STATE OF MINNESOTA
IN COURT OF APPEALS
Anoka-Hennepin Independent School District 11,
Filed February 5, 2002
Reversed and remanded
Anoka County District Court
File No. C6-99-10203
Eric D. Satre, Connor, Satre & Schaff, L.L.P., 925 Lumber Exchange Building, 10 South Fifth Street, Minneapolis, MN 55402; and
Lawrence R. Altman, 1600 Foshay Tower, 821 Marquette Avenue, Minneapolis, MN 55402 (for respondent)
Eric J. Magnuson, Patrick J. Sauter, Peter D. Gray, Rider, Bennett, Egan & Arundel, LLP, 333 South Seventh Street, Suite 2000, Minneapolis, MN 55402 (for appellant)
Considered and decided by Hanson, Presiding Judge, Toussaint, Judge, and Foley, Judge.[
The proper test for evaluating whether a lawyer should be disqualified from representing a client in a pending matter, when the lawyer’s firm has hired a lawyer who previously represented the party adverse to the client in the same matter, is the three-step balancing test set forth in Jenson v. Touche Ross & Co., 335 N.W.2d 720 (Minn. 1983).
In the underlying action, respondent sued her former employer for sexual discrimination. After the law firm representing respondent withdrew, the law firm for the former employer hired a lawyer who had been an associate in the law firm that formerly represented respondent, and then established an ethical wall between that lawyer and the lawyers representing the employer. Respondent moved to disqualify the law firm from representing the employer. The district court granted the motion, applying its interpretation of Rule 1.10(b) of the Minnesota Rules of Professional Conduct. Appellant argues the district court used an incorrect test for disqualification and, under the proper test, disqualification is not warranted. We reverse and remand.
Respondent Jackie Lennartson brought a sex-discrimination claim against appellant Anoka-Hennepin Independent School District 11 (School District). Lennartson retained Gregg Corwin of the law firm Gregg M. Corwin Associates Law Office, P.C. (Corwin Associates) to represent her, and the School District retained Rider, Bennett, Egan & Arundel, L.L.P. (Rider Bennett).
Corwin Associates employed lawyer Susanne Fischer, an associate, who took one deposition in connection with Lennartson’s sex-discrimination claim. In preparation for that deposition, Fischer reviewed Lennartson’s file and discussed it with Corwin.
Shortly after Fischer took the deposition, Corwin Associates withdrew from representing Lennartson. Fischer then left Corwin Associates and began working for Rider Bennett. Before joining Rider Bennett, Fischer completed a conflicts and screening report in which she reported her involvement in the Lennartson case. Rider Bennett erected an “ethical wall” to ensure that Fischer would have no discussion concerning the Lennartson matter with the lawyers representing the School District. Approximately one month after hiring Fischer, Rider Bennett notified Lennartson that it had hired Fischer.
Lennartson wrote to the district court (1) informing it that she had been unable to secure new representation, and (2) arguing that Rider Bennett should be disqualified from representing the School District because it had hired Fischer. The district court construed Lennartson’s letter as a motion to disqualify Rider Bennett. After a hearing, the district granted Lennartson’s motion, ordered the School District to retain new counsel, and continued the trial for six months to allow new counsel to prepare for trial. This appeal followed.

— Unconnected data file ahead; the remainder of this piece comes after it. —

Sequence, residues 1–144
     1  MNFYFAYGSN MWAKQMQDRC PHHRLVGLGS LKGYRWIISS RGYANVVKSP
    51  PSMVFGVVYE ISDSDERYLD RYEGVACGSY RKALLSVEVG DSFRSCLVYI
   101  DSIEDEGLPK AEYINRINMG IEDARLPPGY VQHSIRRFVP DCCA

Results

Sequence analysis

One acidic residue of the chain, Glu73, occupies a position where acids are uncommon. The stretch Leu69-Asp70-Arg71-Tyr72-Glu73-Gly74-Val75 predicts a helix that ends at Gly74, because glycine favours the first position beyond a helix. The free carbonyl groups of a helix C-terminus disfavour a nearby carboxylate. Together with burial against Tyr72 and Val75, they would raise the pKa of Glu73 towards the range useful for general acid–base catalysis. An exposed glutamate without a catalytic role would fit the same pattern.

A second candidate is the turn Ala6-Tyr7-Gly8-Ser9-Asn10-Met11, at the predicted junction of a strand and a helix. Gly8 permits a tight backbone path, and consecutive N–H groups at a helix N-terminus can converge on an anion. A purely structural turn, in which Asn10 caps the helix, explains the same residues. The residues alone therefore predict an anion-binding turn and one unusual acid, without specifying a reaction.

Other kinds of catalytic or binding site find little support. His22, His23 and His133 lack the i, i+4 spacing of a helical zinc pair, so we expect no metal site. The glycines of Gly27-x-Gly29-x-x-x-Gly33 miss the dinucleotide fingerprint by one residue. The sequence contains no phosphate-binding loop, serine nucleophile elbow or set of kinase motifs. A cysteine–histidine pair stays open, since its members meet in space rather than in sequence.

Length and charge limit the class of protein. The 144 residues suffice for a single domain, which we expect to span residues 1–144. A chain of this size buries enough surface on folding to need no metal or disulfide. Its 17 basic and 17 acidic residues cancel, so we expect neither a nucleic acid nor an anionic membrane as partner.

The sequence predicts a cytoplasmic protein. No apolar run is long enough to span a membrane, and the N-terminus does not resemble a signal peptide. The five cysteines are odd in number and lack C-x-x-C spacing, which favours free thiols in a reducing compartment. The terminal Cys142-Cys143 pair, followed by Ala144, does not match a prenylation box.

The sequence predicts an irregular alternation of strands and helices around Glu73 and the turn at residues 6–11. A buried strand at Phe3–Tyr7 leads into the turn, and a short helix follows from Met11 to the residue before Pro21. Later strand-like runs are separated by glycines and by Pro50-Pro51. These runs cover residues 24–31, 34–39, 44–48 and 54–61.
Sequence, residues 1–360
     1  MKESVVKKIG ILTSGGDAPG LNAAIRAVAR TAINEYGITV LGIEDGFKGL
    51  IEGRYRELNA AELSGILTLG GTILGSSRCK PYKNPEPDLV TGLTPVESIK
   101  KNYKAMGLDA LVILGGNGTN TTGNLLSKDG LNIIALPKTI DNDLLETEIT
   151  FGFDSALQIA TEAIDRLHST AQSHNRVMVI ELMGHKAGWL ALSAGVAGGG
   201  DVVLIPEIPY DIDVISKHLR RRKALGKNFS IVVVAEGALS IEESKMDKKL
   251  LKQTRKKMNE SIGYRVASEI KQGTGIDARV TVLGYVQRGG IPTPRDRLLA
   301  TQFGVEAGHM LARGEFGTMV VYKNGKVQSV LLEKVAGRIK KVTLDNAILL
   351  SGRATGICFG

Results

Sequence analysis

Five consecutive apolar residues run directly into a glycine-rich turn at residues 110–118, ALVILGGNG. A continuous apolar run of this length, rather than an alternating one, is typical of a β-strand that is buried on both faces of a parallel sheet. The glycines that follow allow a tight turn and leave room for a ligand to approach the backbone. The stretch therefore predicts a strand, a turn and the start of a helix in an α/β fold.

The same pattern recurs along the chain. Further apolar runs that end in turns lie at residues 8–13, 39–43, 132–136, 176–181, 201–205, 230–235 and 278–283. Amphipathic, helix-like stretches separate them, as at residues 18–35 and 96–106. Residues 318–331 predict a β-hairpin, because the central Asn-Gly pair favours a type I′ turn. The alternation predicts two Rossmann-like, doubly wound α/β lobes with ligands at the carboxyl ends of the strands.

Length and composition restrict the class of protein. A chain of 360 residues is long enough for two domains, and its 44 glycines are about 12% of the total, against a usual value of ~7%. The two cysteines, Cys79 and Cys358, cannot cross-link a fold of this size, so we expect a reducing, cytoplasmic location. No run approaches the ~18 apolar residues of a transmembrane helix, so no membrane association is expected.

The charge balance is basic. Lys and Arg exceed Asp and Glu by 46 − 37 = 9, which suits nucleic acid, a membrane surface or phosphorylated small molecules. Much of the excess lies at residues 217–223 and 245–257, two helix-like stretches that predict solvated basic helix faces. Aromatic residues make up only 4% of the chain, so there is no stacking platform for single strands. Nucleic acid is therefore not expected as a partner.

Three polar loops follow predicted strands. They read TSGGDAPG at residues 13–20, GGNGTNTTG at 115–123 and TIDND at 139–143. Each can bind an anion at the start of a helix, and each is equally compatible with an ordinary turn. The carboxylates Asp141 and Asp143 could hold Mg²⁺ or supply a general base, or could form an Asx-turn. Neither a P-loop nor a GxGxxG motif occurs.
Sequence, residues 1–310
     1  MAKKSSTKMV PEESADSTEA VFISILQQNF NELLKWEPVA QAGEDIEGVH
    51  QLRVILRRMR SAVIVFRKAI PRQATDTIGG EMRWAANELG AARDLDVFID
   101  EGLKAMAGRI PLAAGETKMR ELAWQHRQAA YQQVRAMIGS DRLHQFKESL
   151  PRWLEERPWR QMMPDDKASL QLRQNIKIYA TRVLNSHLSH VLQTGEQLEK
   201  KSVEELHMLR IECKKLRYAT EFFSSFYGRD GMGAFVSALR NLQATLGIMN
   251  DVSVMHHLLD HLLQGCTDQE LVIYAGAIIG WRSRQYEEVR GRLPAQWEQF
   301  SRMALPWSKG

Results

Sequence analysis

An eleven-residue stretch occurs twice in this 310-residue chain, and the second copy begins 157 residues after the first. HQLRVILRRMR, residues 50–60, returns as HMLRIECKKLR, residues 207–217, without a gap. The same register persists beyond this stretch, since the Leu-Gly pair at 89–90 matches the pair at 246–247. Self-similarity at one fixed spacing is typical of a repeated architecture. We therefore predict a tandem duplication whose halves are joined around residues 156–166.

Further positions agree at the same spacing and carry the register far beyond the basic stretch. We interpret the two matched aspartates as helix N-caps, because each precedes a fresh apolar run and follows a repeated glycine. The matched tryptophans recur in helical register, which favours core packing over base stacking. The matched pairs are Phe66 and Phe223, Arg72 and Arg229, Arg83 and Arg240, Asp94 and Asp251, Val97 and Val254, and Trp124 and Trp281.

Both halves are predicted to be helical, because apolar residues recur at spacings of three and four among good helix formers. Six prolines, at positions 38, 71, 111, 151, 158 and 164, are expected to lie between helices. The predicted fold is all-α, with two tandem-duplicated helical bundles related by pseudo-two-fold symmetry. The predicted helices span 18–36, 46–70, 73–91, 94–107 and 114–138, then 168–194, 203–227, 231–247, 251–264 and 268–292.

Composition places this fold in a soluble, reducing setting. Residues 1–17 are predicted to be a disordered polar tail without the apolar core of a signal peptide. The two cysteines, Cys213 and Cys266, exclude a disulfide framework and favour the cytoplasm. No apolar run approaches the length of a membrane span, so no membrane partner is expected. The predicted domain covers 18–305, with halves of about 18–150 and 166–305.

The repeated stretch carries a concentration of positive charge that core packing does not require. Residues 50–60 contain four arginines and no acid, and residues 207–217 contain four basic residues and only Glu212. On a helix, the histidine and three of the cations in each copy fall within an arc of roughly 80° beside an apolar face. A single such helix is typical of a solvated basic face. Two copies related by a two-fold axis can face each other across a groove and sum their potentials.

Did the district court err when it disqualified Rider Bennett as the School District’s legal counsel?
A reviewing court need not defer to the district court’s application of the law when the material facts are not in dispute. Hubred v. Control Data Corp., 442 N.W.2d 308, 310 (Minn. 1989). Also, an appellate court independently reviews the district court’s interpretation of the Minnesota Rules of Professional Conduct. Prod. Credit Ass’n v. Buckentin, 410 N.W.2d 820, 823 (Minn. 1987) (stating that to ensure uniform application, the reviewing court must retain the final, independent interpretive authority to define the scope and application of those rules).
The School District argues that the district court erred by disqualifying Rider Bennett based solely on its interpretation of Rule 1.10(b) of the Minnesota Rules of Professional Conduct. The School District asserts that the district court instead should have followed the three-part balancing test set forth by the Minnesota Supreme Court in Jenson v. Touche Ross & Co., 335 N.W.2d 720, 731-32 (Minn. 1983). Conversely, Lennartson argues that the district court properly relied on the test set forth by Rule 1.10(b), because the Minnesota Supreme Court’s adoption of Rule 1.10 impliedly superceded the test for disqualification set forth in Jenson.
We begin with an assessment of the continued viability of the three-part test for disqualification set forth in Jenson, in light of the promulgation of the Rules of Professional Conduct two years later. Next, we analyze the present facts under the Jenson factors. Finally, we examine the present facts under Rule 1.10(b).